Twenty-plus years ago, Diane Conners saw an opportunity to trade her work in journalism for a more diverse career. She began working with farmers, conservationists, policy makers and others committed to protecting the land, the environment and a way of life she’d come to treasure in Leelanau County. Turned out, it was turning to the land. She shifted gears and began working for the Michigan Land Use Institute—now the Groundwork Center for Resilient Communities. Conners authored the book “Shared Abundance: Lessons in Building Community Around Locally Grown Food” just prior to her retirement. Groundwork Center dubs it “Part gorgeous, story-filled coffee-table book and part local food economy strategy manual.”

The U.S. Senate has passed its historic climate change legislation, and the House of Representatives is expected to soon follow suit and send to President Biden to sign the bill. The political victory comes not a moment too soon, with a rapidly warming planet striking communities with one climate-related disaster after another. Leelanau County, too, is enjoying the momentum of the clean energy movement. Earlier this summer, Leelanau Energy launched its “Energize Leelanau Challenge” initiative to locate clean energy or energy efficiency projects in the county that are shovel-ready and that benefit communities, and help fund them with seed money totaling between $250 and $15,000 per project.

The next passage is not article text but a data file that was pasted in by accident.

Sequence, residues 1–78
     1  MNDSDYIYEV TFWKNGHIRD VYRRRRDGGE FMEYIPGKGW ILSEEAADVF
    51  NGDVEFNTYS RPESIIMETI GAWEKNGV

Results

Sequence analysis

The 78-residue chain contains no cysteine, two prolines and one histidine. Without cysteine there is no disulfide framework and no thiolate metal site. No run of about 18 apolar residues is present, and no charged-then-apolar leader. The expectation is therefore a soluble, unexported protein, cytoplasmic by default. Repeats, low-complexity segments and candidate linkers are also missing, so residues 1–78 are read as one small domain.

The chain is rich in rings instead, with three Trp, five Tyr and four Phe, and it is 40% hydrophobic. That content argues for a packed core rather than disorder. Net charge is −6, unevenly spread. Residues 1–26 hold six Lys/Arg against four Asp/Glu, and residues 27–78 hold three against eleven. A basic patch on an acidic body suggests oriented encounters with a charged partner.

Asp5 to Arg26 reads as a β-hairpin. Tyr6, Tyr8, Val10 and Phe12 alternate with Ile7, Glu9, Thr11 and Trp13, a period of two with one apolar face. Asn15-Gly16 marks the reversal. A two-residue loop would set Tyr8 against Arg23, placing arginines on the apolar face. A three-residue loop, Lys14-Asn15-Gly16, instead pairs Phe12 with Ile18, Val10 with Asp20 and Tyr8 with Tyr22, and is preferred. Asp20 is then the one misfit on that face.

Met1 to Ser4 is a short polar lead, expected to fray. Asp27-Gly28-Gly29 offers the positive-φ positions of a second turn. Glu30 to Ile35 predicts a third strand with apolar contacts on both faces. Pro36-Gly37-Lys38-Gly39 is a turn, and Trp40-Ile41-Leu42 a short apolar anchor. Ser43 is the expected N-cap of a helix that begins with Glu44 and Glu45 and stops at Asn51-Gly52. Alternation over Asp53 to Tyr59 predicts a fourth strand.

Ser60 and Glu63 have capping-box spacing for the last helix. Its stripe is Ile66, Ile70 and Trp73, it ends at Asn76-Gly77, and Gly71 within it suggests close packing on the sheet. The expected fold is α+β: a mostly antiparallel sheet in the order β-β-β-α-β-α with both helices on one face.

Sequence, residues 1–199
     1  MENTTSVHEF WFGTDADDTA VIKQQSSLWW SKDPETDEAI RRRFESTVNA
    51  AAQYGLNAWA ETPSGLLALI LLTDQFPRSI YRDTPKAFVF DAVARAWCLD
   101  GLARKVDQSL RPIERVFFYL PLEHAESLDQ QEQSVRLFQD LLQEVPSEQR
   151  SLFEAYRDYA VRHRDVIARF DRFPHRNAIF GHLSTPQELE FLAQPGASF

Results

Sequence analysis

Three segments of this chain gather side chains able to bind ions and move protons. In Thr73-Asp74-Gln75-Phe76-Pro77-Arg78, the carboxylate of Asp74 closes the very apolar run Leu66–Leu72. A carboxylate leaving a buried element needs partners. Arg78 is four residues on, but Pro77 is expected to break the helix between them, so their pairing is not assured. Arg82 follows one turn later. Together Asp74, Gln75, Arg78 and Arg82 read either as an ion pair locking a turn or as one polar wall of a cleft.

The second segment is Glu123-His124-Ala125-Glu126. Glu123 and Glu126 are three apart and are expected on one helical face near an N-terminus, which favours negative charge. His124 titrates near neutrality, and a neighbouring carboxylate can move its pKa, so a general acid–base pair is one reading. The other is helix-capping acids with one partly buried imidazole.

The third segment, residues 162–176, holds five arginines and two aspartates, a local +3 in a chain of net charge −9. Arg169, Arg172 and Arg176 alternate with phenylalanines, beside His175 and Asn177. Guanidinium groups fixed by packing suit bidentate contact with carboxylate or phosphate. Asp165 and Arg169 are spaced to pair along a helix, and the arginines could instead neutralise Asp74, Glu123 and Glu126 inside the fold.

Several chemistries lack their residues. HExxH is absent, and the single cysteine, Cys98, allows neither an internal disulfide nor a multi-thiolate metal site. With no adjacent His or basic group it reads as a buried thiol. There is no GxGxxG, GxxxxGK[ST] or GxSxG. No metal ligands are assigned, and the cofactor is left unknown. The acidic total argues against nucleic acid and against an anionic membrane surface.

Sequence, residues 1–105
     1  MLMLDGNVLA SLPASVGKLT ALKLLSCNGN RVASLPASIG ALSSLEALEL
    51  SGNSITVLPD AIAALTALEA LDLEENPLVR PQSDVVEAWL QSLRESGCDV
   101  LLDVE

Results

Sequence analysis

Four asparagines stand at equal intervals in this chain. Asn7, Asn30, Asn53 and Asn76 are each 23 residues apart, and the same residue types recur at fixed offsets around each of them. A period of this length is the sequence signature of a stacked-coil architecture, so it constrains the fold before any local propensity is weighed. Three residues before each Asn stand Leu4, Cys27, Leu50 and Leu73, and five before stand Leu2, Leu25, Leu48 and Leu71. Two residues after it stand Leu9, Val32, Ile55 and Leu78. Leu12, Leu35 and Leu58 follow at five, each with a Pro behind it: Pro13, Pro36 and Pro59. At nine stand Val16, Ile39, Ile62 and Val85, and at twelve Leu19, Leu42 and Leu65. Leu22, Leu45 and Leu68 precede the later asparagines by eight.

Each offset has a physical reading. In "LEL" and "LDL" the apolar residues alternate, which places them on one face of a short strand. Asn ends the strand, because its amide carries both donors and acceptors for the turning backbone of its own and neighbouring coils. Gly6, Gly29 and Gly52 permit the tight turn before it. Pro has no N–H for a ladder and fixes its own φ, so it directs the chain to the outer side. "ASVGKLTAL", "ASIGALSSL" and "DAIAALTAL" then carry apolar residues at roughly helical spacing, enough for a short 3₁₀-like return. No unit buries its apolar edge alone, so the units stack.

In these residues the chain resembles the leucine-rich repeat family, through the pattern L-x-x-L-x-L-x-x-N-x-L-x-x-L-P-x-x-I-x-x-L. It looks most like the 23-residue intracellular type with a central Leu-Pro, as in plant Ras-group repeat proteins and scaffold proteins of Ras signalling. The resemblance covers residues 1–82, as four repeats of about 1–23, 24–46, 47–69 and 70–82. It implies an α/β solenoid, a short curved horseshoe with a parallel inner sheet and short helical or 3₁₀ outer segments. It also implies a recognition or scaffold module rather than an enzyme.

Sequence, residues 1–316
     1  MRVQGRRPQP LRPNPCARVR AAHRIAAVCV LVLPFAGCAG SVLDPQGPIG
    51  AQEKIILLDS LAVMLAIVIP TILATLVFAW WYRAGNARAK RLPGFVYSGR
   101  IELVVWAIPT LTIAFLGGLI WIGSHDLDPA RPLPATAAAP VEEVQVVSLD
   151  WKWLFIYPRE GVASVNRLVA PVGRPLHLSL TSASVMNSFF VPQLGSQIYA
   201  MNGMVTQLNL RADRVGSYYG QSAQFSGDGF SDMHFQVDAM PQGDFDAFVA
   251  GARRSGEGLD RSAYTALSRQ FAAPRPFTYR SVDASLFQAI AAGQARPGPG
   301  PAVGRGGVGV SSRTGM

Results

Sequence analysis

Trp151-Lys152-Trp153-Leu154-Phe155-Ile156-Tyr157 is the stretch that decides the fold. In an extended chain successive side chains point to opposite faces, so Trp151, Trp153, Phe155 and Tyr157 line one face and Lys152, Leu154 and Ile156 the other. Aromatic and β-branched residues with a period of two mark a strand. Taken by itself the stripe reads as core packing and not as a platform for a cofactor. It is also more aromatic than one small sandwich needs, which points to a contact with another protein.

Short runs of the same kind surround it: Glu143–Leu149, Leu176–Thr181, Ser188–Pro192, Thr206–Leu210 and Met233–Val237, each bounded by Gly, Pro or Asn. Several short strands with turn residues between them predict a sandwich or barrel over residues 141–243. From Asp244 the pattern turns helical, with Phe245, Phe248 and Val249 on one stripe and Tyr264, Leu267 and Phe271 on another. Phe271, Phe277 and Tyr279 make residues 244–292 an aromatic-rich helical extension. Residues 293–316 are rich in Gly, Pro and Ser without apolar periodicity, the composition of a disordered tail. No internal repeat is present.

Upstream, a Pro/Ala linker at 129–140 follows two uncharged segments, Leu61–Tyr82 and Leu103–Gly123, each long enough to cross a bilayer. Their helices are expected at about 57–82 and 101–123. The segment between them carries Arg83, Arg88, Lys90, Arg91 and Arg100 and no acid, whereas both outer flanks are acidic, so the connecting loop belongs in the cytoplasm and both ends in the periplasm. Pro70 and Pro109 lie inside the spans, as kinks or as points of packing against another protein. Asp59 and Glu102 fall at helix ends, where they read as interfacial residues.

The Envirothon team at Glen Lake Schools is raising money for an 8kW, adjustable solar array at school. They will kick off an innovative fundraising drive based on the nonprofit clean energy crowdfunding website SolaRISE at halftime during tonight’s varsity basketball game against Leland.

Just before Christmas, Ian Olmsted and a team from Peninsula Solar completed the installation of 70 rooftop solar panels above the Art’s Annex, the former gas station turned t-shirt shop next to the popular tavern in downtown Glen Arbor. The solar array will generate 30,000 kilowatt hours annually —satisfying 15-20 percent of Art’s energy load.

Taste the Local Difference (TLD), Michigan’s local food marketing agency and a social enterprise of the Groundwork Center for Resilient Communities, is facilitating a state funded grant called Building Healthy Communities (BHC) that creates local change for better health.

Cherry Republic president Bob Sutherland and his sons Colebrook and Hawthorn bite into Michigan Apple Crunch Day on Oct. 25 at Glen Lake School. The event was sponsored by Cherry Capital Foods, Traverse Bay Area Intermediate School District, and the Groundwork Center for Resilient Communities, which celebrated 15 years of catalyzing the farm to school movement in northern Michigan.

Thousands of children and adults statewide will crunch into fresh Michigan apples on Wednesday, Oct. 25, in the fifth annual Michigan Apple Crunch, sponsored by Cherry Capital Foods.

By Jacob Wheeler Sun editor When Gary Cozette and Joe Lada climb the ladder to the roof of their “Tower House” in Burdickville, they behold a breathtaking view of the Glen Lakes, with the Sleeping Bear Dunes and Lake Michigan in the distance. In their immediate foreground is an array of recently installed, cutting-edge solar […]

Northern Michigan’s largest brand puts on one of the best athletic events of the year. At 8 a.m. on Saturday, June 10, 900 racers will line up for the ninth annual M22 Challenge. The race includes a 2.5-mile run, 17-mile bicycle ride, and 2.5-mile paddle — making it the most unique “tri” event in northern Michigan.

The Michigan legislature is considering whether to continue, or expand, a new state pilot project that is increasing business from schools for a significant number of farms and related food companies throughout the state and in Leelanau County.